SPRINGFIELD — Mark Tolosky says it’s a day “we will remember for generations.”
That would be Nov. 14, when the state’s Public Health Council gave Baystate Medical Center, which Tolosky serves as president and CEO, the green light for a massive $239 million expansion project that will add 48 beds and replace another 78 in its first phase and eventually replace nearly 200 beds when finished.
The day was memorable, Tolosky told The Healthcare News, not merely because of the unanimous vote of the board, but because of the support shown for the ambitious undertaking before the vote. It came from politicians, including Springfield Mayor Charles Ryan and Mayor-elect Domenic Sarno, and also community and business leaders, neighborhood councils, and even construction trade organizations. All of them said the project would be good for Baystate, but especially good for the community it serves.
The events of the day even provided what Tolosky called a “civics lesson” for several Springfield high school students who were invited to the session to observe as part of one of many programs Baystate runs in conjunction with city schools.
With the council’s vote behind them, Baystate administrators are now focusing on the many steps that have to be taken for the planned start of construction (currently set for the summer of 2009) to go as scheduled.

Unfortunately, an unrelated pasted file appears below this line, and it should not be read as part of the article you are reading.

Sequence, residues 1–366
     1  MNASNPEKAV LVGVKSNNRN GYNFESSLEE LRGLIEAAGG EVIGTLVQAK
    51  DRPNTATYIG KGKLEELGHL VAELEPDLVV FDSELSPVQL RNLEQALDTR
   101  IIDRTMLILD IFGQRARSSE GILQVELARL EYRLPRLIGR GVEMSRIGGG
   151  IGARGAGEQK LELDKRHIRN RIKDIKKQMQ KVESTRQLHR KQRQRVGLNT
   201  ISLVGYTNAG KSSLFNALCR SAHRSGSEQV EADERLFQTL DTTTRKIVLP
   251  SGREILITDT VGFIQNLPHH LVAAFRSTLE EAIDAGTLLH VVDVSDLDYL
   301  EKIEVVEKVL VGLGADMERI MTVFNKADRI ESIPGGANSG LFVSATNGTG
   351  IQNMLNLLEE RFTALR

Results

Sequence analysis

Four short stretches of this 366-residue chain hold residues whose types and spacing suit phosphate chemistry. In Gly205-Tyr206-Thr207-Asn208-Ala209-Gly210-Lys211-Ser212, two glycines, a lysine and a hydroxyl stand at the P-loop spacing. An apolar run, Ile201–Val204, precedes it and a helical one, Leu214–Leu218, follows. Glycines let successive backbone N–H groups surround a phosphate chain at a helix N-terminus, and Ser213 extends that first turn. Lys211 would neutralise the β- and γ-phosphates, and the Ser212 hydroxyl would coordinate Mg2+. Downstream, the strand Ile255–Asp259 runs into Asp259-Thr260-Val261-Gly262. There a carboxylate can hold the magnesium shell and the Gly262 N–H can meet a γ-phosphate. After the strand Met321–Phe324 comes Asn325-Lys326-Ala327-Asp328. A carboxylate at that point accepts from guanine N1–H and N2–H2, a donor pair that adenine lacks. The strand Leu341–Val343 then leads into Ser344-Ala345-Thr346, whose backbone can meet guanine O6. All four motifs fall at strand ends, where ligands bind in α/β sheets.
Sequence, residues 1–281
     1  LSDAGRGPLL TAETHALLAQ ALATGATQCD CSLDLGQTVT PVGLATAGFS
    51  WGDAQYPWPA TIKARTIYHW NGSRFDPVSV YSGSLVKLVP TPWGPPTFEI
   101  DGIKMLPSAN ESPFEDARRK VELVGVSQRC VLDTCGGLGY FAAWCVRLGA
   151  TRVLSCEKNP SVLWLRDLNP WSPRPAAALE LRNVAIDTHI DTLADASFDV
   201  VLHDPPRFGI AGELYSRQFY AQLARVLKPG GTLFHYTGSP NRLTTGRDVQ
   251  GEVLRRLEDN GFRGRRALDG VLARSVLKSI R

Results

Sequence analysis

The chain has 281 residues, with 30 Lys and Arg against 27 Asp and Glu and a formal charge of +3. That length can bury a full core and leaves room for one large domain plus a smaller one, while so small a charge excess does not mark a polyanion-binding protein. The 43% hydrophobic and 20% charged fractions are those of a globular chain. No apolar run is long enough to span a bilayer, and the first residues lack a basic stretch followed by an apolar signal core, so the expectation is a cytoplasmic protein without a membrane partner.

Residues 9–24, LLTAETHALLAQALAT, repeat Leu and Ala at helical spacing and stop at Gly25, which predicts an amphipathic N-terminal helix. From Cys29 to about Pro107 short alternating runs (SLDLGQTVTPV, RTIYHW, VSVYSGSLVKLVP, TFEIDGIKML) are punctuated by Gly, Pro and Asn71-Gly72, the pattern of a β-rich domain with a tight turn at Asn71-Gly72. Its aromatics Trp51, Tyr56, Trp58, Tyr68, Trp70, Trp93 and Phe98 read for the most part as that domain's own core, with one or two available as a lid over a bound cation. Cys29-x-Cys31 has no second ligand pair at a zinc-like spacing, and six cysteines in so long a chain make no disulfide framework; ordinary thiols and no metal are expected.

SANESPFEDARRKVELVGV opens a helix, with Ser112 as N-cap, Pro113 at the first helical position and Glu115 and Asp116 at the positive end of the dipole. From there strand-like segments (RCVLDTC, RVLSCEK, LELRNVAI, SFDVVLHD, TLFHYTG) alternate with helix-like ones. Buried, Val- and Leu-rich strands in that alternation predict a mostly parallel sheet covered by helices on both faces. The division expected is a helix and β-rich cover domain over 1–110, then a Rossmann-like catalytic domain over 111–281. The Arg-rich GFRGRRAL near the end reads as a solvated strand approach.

“This is a very complex project with a lot of moving parts,” said Tolosky. “We’re gratified by the enormous amount of support we’ve received — it’s energized us for all the hard work that remains. We’re really just getting started.”
Plans call for construction of nearly 600,000 square feet of new space in the form of a multi-level addition. Phase one of what is being dubbed the “hospital of the future” will include 48 new beds — 18 adult medical-surgical beds and 30 adult critical-care beds — replacement of 78 beds in the so-called East Wing, built in 1956, and construction of a new emergency department.
There will also be 295,000 square feet of empty shell space that will be filled over the course of at least the next decade, said Tolosky, noting that when and how that space is built out will be functions of need and available capital.
The 48 additional licensed beds are designed to decompress the waiting and backlog in the medical center’s emergency department, said Tolosky, adding that 78 of the 183 beds in the East Wing will be replaced in phase one, and the rest over time.
“This facility is more than 50 years old, and it’s in dire need of replacement,” he said of the East Wing. “We can ‘t afford to do everything in that first phase; it’s just too daunting financially. Some of that future replacement in existing the East Wing will have to wait for a future time when we can afford to incrementally build out that space.”
Prospects for that empty space became a point of concern, especially for officials at Mercy Medical Center, who initially opposed Baystate’s plans based on belief that the so-called shell space would be used for additional beds. This confusion was clarified before and at the Nov. 19 hearing, and Mercy eventually dropped its opposition.